Govt invites striking SBI employees for talks
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Govt invites striking SBI employees for talks

Finance Minister Chidambaram has expressed hope that a satisfactory agreement will be reached today.

india Updated: Apr 09, 2006 13:19 IST

Government on Sunday called a meeting of the striking State Bank of India (SBI) employees and management after their inconclusive talks in Mumbai on Saturday night.

Finance Minister P Chidambaram expressed hope that a "satisfactory agreement" would be reached to end the seven-day-old strike over the demand for higher pension.

"Since the talks had stalled last night, Government has called both the management and union to Delhi for talks. They are expected to reach Delhi later today," Chidambaram told reporters.

Senior officials of the Finance Ministry will facilitate the talks, he said. "It is my hope that the talks will continue and a satisfactory agreement will be reached today."

Promising to give the most "sympathetic consideration" to the proposals, he however emphasised that the Government has a duty to uphold the larger interest of the SBI and also the public, who are the "ultimate owners" of the Bank.

Over two lakh employees of the country's largest commercial bank have been on strike, demanding across-the-board pension hike to the tune of 50 per cent of the last salary drawn.

On Saturday, during their negotiations with the SBI management in Mumbai, the union had climbed down over their demand.

Meanwhile, the Reserve Bank has allowed state governments to shift their business to other PSU banks to ensure that their financial operations are not affected. Some states like Uttar Pradesh, Gujarat and Bihar have already shifted their accounts to nationalised banks.

"RBI has already announced some measures and some may be announced today," Chidambaram said.

Chidambaram said some states have already shifted to other banks, that is unavoidable, because every state government is entitled to protect its interests, interests of its employees and the people to whom the state government's funds should flow.

Practically, all the state governments have their accounts with the State Bank of India.

Asked what will happen if talks fail, Chidambaram said, "it was a hypothetical question. Why do you wish that talks will fail. I wish that talks will succeed."

Government has been patient and advising both the management and the unions to reach a settlement and send a proposal to it, he said adding, it was for the first time yesterday that it received a formal proposal.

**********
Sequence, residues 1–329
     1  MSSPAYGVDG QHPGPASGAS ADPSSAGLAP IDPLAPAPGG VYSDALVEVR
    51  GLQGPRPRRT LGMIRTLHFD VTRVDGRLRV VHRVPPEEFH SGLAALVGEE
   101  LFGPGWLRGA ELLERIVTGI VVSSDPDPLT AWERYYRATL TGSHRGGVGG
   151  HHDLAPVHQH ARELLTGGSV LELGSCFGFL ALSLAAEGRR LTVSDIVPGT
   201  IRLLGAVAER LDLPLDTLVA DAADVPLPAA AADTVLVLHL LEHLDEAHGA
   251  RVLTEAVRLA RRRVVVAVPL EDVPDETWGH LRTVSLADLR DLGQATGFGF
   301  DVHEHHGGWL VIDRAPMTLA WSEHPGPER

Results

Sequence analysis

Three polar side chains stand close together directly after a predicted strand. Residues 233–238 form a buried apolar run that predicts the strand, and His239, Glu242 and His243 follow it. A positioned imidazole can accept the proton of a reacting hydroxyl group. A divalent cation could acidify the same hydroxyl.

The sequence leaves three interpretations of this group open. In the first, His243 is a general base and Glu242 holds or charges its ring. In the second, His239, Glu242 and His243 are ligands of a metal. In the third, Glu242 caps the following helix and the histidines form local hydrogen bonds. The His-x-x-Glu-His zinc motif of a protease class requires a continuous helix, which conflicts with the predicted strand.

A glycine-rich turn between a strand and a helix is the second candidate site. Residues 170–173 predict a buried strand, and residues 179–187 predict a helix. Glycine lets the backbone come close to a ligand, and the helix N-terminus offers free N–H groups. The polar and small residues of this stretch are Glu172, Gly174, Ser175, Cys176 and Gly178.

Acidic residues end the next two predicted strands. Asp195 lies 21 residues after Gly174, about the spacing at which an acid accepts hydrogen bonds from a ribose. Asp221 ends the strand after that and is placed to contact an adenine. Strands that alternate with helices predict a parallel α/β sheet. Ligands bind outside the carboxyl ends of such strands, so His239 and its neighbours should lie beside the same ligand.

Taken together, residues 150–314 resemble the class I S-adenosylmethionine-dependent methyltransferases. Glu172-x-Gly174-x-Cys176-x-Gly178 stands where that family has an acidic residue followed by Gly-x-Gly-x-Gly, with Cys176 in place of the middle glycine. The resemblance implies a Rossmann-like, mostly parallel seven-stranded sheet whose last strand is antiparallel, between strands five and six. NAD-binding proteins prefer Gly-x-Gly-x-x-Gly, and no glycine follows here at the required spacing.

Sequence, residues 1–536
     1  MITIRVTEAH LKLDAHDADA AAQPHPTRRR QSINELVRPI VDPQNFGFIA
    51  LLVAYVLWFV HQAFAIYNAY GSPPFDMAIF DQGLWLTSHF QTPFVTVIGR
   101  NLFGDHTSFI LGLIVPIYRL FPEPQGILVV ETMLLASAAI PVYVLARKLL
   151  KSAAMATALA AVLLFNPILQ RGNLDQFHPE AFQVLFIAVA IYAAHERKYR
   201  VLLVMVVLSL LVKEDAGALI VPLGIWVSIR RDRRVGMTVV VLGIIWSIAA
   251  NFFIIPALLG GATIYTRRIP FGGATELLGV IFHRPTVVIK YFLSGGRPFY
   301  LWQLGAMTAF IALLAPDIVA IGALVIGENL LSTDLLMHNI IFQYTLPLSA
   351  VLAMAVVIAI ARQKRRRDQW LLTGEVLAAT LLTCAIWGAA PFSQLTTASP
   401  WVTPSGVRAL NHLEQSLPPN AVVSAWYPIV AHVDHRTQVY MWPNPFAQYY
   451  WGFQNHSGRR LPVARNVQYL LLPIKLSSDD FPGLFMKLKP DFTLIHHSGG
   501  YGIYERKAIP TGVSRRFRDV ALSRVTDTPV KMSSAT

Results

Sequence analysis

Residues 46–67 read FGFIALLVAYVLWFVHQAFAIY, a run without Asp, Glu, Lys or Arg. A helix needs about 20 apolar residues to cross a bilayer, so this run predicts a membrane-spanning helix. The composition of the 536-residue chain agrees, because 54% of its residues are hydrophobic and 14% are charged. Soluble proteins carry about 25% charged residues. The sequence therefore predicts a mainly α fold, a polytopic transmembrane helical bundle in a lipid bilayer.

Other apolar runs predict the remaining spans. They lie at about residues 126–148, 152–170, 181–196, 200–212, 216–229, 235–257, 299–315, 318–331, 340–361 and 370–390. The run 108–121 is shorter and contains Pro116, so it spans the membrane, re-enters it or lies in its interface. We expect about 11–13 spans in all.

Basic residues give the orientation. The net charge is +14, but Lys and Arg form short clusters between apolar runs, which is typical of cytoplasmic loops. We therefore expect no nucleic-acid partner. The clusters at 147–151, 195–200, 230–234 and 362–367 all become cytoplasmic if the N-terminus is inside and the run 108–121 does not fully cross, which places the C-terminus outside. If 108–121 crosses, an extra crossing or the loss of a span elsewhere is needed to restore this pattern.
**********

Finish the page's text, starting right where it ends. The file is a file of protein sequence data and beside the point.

Noting that some basic issues were involved in the negotiations, Chidambaram said that SBI employees receive pension as a third benefit, besides provident fund and gratuity unlike in other nationalised banks and pubic sector undertakings where there were only two benefits of gratuity and pension or contributory provident fund.

Therefore, Chidambaram said the benefits of SBI employees and those of other nationalised banks and PSUs are not comparable.

Any revision in the pension formula of SBI should not "spark off competitive demands" from employees of other nationalised banks and PSUs, he said.

Giving details of the SBI pension formula, Chidambaram said the employees had a ceiling in their pension between 1993 and 1999. In 1999, ceiling was replaced by cut-off point.

The cut-off point continued after the settlement in March 2000 and in June, 2005, he said adding therefore negotiations in pension formula must include suitable re-adjustment of the cut-off point.

As per the cut-off point, SBI employees get pension of 50 per cent of their last drawn salary up to a ceiling of Rs 8,500 and above that pension is given as 40 per cent of last drawn salary.

As per the toned down offer made by the unions yesterday in Mumbai, the unions were willing to settle for a cut-off at the level of AGMs. This meant that up to the AGM level, the pension would be 50 per cent of last drawn salary.

However, Banking Secretary Vinod Rai made it clear yesterday that the Government could not accept anything which would create asymmetry between SBI employees and those of nationalised banks.

Under the present rule, Chidambaram said the management of SBI may contribute up to 10 per cent of pay and allowances of an employee to the pension fund. However, in the recent years, the management has been contributing more than 10 per cent, he said.
Citing example, he said the management contributed an additional Rs 790 crore in 2004-05 against 10 per cent requirement amounting to Rs 245 crore.

Similarly, in 2005-06, the additional contribution is reported to be Rs 835 crore. Therefore, while determining the new pension formula, it is necessary to bear in mind the rules as well as the capacity of the management to contribute to the fund to sustain the payment of pension.

First Published: Apr 09, 2006 11:20 IST